Edinburgh pensioner mourns loss of funding for Birthlink charity

Without Edinburgh-based charity Birthlink, Mervyn Miller's experience of searching for his birth mother might have been very different.

Monday, 19th February 2018, 7:48 am
Updated Monday, 19th February 2018, 7:52 am
Mervyn Miller (age 70) . Edinburgh charity Birthlink help people affected by adoption.

Mervyn, 73, was born three months premature in 1944 to a young unmarried inmate of Saughton Prison, locked up for shoplifting.

Mervyn was born with Spina Bifida and he believes that the pressure of having to provide for a disabled, mixed-race child before the NHS was why his mother abandoned him at a few months old at the children’s centre in Gorgie that cared for him. He spent the rest of his childhood in care.

But Mervyn is upbeat about his experience and doesn’t feel he lost out growing up in orphanages and a special needs school. He said: “I’ve got family. I had lots of mothers and was well looked after. I didn’t want for anything growing up.”

Sign up to our daily newsletter

The i newsletter cut through the noise

Although he was happy, he was a sickly child and at 18 needed to have both feet amputated after years of ulcers and fevers. There were no family members to sign the paperwork and it was the first time he thought about contacting his birth mother, thoughts that were shelved for another 50 years..

After a six-month recovery in hospital, where he “ran wild”, playing football on his stumps and charming the staff, he “was off running” taking up wheelchair basketball and playing for Scotland in the 1973 Stoke Mandeville Games in Heidelberg, Germany, where he also won a silver medal in fencing.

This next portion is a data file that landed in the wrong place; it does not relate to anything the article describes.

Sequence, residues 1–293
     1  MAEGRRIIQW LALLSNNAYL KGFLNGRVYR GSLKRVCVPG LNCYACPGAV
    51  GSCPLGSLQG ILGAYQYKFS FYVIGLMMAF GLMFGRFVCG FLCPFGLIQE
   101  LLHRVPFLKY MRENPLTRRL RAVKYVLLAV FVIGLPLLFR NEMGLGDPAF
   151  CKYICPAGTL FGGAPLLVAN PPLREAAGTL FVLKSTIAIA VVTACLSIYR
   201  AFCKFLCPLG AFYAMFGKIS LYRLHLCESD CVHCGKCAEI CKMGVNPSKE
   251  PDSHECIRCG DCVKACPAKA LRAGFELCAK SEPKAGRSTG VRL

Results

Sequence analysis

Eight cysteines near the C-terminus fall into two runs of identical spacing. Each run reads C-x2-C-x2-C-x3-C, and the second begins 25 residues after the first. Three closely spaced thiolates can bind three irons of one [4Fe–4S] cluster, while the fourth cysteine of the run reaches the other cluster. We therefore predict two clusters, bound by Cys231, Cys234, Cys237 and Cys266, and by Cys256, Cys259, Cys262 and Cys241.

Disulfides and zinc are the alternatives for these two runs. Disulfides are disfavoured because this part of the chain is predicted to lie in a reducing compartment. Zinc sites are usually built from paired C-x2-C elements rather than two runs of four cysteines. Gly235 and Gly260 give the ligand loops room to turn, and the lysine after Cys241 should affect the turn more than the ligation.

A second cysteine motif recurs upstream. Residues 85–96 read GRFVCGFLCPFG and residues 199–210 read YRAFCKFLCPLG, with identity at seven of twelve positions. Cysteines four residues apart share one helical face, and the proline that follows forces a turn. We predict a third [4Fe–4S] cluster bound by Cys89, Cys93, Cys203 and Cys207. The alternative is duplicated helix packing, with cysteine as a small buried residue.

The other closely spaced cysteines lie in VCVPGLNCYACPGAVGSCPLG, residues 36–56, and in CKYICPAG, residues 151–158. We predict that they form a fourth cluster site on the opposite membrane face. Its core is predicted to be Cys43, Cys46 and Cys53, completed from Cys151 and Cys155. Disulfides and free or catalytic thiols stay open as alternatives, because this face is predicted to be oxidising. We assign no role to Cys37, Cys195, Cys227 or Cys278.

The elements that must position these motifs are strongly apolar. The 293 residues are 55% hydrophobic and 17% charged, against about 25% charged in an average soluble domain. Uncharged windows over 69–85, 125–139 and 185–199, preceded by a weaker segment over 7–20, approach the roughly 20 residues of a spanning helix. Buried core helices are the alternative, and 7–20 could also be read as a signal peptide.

He worked as a tailor and in pubs before moving to London in the 80s. Retirement brought Mervyn home to Edinburgh in 2014 but a tuberculosis diagnosis slowed him down and during his recovery thoughts of his birth mother returned.

In 2016 Edinburgh City Council connected him with Birthlink, a charity that helps people affected by adoption access vital information. They helped him make sense of his paper trail – much of which was handwritten.

But Birthlink lost its vital funding for its Care Connect service last year and while the service still exists, the criteria has changed and had Mervyn approached them now, they couldn’t have supported him in the same way.

He still hasn’t found his mother, the trail went cold in Liverpool. Last year he met his first family member, a cousin. An uncle and an older half brother who was adopted have also been traced.

“I can’t thank Birthlink enough. I can’t imagine where I’d be without them. They’ve done such a fantastic job.” He believes that without their help he would have died without knowing anything about his birth family.

What concerns Louise Wilson, case worker at Birthlink, is most people in care have difficult stories. She still holds out hope that the council “may” be able to reinstate funding in time, but admits it is a worrying time. Without the previous cash allocation, their hands are tied in what additional services they can provide.

She said: “There are lots of vulnerabilities for people who have been in care. Many cases involved abuse and if that landed on your doorstep with no-one to help you process it, it could be very damaging.”

Edinburgh council said it understood, adding: “We always ensure there is a trained social worker available.”